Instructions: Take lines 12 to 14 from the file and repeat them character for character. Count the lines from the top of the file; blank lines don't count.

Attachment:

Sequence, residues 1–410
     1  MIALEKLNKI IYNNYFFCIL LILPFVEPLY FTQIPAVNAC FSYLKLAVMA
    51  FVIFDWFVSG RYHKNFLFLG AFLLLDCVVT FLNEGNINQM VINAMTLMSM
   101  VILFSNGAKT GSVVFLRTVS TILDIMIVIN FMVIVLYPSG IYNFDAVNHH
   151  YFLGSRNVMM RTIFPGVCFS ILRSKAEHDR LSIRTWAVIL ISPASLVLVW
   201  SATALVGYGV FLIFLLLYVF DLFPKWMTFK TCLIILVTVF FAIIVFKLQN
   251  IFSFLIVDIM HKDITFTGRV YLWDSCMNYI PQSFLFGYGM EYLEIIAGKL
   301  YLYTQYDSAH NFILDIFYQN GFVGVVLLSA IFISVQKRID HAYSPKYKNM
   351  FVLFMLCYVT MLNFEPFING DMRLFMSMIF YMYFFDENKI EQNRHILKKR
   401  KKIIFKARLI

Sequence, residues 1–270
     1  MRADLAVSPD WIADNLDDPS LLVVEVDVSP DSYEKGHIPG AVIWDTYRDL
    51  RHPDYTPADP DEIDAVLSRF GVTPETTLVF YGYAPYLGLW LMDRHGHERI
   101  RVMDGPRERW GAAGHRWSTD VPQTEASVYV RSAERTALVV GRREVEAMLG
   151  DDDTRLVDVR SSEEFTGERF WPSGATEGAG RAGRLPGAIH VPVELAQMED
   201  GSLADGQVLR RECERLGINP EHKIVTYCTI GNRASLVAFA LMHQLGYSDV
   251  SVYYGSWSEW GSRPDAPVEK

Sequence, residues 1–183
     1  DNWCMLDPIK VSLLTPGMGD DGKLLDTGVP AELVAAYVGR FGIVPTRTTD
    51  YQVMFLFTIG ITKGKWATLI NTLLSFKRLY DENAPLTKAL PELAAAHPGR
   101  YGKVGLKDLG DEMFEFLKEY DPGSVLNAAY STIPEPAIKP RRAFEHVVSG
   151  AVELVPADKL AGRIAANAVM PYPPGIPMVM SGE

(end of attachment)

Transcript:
     1  MRADLAVSPD WIADNLDDPS LLVVEVDVSP DSYEKGHIPG AVIWDTYRDL
    51  RHPDYTPADP DEIDAVLSRF GVTPETTLVF YGYAPYLGLW LMDRHGHERI
   101  RVMDGPRERW GAAGHRWSTD VPQTEASVYV RSAERTALVV GRREVEAMLG